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do infrared sensor can pass through transparent plastic and work?

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closed as unclear what you're asking by JYelton, Chris Stratton, RoyC, Lior Bilia, Oleg Mazurov Aug 16 at 21:06

Please clarify your specific problem or add additional details to highlight exactly what you need. As it's currently written, it’s hard to tell exactly what you're asking. See the How to Ask page for help clarifying this question. If this question can be reworded to fit the rules in the help center, please edit the question.

  • \$\begingroup\$ Just use your eyes is my advice or, if you are a little visually impaired ask someone to help. \$\endgroup\$ – Andy aka Aug 1 at 13:59
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    \$\begingroup\$ There are two ways to answer this question: try it yourself, or look up the IR absorption spectra of the types of plastic used in this kind of packaging. \$\endgroup\$ – Dave Tweed Aug 1 at 14:01
  • \$\begingroup\$ Probably, but don't rule out the possibility of remains of the foil backing and/or distortion of the plastic bubble providing some occlusion. Another direction to the apparent problem to consider could be computer vision, ie, webcam and OpenCV, first on a PC later on an embedded Linux board. \$\endgroup\$ – Chris Stratton Aug 1 at 14:02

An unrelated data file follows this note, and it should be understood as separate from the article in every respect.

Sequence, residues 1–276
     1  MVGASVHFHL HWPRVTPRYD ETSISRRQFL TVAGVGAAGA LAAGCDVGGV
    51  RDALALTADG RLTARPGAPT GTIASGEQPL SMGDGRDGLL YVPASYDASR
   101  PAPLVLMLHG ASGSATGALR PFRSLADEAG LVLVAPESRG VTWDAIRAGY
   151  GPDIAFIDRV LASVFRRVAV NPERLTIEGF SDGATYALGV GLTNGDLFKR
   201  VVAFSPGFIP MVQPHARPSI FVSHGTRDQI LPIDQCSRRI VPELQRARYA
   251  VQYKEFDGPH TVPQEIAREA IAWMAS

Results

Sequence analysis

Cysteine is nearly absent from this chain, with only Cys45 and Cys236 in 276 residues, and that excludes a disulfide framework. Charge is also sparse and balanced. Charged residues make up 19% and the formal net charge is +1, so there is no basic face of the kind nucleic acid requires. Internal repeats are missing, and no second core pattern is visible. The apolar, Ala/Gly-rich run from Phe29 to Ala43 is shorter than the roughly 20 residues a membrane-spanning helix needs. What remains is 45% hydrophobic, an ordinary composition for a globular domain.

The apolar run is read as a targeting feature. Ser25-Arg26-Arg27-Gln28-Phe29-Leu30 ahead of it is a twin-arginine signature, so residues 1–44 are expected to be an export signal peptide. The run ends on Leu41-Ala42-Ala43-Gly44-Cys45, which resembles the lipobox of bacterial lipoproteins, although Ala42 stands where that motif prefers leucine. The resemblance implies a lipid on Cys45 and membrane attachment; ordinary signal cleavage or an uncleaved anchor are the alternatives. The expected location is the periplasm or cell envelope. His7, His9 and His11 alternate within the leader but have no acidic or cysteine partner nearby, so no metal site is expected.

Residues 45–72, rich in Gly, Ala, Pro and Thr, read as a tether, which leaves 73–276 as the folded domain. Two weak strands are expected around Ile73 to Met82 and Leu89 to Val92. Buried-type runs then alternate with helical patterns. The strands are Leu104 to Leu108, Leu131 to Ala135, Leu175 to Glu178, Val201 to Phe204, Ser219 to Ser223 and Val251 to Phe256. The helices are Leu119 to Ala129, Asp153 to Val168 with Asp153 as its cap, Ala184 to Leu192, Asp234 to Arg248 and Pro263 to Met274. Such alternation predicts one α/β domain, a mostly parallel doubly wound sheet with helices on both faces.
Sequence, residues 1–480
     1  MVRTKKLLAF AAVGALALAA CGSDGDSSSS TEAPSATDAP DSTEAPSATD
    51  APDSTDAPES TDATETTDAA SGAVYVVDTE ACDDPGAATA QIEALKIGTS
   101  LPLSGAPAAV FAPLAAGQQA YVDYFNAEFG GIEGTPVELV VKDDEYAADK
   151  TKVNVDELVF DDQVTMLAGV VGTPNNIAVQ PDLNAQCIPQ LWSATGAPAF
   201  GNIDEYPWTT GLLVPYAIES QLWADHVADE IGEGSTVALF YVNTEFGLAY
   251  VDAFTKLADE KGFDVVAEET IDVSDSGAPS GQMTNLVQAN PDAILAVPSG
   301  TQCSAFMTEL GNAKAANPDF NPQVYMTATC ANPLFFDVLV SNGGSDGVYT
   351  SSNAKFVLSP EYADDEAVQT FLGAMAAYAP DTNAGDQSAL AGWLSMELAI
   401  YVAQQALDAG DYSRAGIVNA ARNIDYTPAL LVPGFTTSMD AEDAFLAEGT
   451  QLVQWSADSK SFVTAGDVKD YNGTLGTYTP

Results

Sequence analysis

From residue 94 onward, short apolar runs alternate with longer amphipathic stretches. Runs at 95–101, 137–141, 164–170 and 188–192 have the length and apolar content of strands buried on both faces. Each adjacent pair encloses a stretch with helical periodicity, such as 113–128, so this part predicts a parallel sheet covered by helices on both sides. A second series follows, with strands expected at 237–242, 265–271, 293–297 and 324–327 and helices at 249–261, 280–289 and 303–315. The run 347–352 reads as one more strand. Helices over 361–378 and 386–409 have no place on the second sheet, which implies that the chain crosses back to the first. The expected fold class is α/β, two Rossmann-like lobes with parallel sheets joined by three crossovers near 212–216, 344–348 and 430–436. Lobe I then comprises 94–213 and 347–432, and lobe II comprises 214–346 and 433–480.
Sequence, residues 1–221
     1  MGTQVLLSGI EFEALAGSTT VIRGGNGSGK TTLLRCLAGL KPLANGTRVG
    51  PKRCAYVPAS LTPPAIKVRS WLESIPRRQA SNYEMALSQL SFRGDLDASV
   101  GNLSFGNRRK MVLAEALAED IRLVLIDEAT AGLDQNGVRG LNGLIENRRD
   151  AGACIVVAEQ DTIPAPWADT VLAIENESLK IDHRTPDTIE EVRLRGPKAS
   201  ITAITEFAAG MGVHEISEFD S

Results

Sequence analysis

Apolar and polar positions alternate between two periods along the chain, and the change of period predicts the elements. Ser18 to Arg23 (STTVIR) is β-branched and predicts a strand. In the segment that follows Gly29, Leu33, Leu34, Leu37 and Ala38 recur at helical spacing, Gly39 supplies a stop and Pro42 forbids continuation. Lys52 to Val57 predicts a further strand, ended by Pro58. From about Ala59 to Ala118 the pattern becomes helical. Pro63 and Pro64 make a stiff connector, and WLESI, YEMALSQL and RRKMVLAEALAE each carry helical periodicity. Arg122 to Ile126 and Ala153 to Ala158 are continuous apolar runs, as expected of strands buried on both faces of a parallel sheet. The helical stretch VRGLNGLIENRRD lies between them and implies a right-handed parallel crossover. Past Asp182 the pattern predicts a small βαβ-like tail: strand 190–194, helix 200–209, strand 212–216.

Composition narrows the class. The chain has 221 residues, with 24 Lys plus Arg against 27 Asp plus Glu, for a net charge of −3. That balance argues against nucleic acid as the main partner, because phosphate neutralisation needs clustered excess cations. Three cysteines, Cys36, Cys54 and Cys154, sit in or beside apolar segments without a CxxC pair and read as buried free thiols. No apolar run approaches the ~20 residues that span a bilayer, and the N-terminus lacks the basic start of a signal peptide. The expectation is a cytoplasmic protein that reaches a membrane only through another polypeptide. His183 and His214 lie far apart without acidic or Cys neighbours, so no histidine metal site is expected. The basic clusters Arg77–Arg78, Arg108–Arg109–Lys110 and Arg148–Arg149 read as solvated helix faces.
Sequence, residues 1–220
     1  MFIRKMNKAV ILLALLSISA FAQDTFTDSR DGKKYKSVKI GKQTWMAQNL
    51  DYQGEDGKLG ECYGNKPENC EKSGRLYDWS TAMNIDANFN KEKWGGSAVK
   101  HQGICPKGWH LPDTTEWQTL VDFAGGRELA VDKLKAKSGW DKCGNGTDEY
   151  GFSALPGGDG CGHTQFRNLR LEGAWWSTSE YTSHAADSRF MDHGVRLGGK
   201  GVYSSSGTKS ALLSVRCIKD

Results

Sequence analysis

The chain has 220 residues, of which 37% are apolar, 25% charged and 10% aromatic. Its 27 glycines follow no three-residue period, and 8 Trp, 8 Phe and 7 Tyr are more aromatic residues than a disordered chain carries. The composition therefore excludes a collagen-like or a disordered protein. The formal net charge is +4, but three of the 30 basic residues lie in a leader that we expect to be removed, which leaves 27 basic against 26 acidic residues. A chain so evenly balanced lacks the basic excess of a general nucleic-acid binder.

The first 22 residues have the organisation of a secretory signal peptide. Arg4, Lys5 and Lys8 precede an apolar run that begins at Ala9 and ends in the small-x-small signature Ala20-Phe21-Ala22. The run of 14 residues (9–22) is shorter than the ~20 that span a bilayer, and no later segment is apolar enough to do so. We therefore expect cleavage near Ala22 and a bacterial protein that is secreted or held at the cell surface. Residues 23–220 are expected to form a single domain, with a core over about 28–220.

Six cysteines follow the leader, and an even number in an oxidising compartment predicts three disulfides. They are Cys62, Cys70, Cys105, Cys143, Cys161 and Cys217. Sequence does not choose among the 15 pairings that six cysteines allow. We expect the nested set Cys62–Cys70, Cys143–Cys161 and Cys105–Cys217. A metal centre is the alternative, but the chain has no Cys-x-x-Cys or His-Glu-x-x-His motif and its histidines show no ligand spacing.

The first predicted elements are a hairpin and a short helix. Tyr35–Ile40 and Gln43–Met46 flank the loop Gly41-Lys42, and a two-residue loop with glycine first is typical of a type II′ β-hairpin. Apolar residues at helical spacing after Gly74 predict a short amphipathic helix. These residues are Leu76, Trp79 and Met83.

• \$\begingroup\$ @Chris Stratton thank you, do Is there another cheap way Except infrared? camera and OpenCV is expensive \$\endgroup\$ – user8591 Aug 1 at 14:11
  • \$\begingroup\$ Actually webcams and computing power are pretty cheap; presumably to do it with IR sensors you are going to need a bunch of them and fixturing; you can probably prototype with a 3d printer but then you'll need mold tooling... Granted the vision approach has alignment and lighting challenges so there are tradeoffs all around. \$\endgroup\$ – Chris Stratton Aug 1 at 14:16
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Your eyes cannot see IR but your (phone) camera can!

Grab your TV remote as an IR source and while pressing a button on the remote look at the remote through your phone's camera (actually almost any digital camera will do).

Chances are you will see the IR transmitter LED in the TV remote flashing like so:

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Now hold the pills package in between and check if you can still see the IR LED flashing.

If yes: then the IR light can pass through the holes in the package.

However, the aluminium (?) foil in the pills package will block IR very effectively. If that foil is not removed then the IR light will not pass through.

Only if there is a clear visible hole left (through which you can see light pass through) can this work reliably as a pill present/not present detector.

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  • \$\begingroup\$ thank you, do Is there another cheap way Except infrared? \$\endgroup\$ – user8591 Aug 1 at 14:06
  • \$\begingroup\$ @user8591 Welcome to Stack Exchange! If you have a second question, you should create another question post instead of posting your second question as a comment. \$\endgroup\$ – Tanner Swett Aug 1 at 14:13
  • \$\begingroup\$ @TannerSwett thank you , ok \$\endgroup\$ – user8591 Aug 1 at 14:16
  • \$\begingroup\$ Some brands of phone cameras can not see IR. \$\endgroup\$ – Charles Cowie Aug 1 at 14:38
  • \$\begingroup\$ That is true, Apple devices tend to have fairly good IR filters; sometimes "cheaper is better" a budget webcam is likely very susceptible. \$\endgroup\$ – Chris Stratton Aug 3 at 17:32

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